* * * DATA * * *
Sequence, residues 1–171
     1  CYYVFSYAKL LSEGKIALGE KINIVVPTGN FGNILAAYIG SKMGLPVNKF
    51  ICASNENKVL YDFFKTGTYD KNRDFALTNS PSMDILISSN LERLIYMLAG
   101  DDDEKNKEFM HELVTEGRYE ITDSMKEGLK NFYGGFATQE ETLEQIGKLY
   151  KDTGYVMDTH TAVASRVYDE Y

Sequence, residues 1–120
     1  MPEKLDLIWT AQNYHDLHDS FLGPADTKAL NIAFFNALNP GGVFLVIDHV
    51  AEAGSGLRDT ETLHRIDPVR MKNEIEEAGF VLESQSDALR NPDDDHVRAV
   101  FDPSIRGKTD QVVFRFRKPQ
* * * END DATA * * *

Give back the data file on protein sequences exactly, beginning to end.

Sequence, residues 1–171
     1  CYYVFSYAKL LSEGKIALGE KINIVVPTGN FGNILAAYIG SKMGLPVNKF
    51  ICASNENKVL YDFFKTGTYD KNRDFALTNS PSMDILISSN LERLIYMLAG
   101  DDDEKNKEFM HELVTEGRYE ITDSMKEGLK NFYGGFATQE ETLEQIGKLY
   151  KDTGYVMDTH TAVASRVYDE Y

Sequence, residues 1–120
     1  MPEKLDLIWT AQNYHDLHDS FLGPADTKAL NIAFFNALNP GGVFLVIDHV
    51  AEAGSGLRDT ETLHRIDPVR MKNEIEEAGF VLESQSDALR NPDDDHVRAV
   101  FDPSIRGKTD QVVFRFRKPQ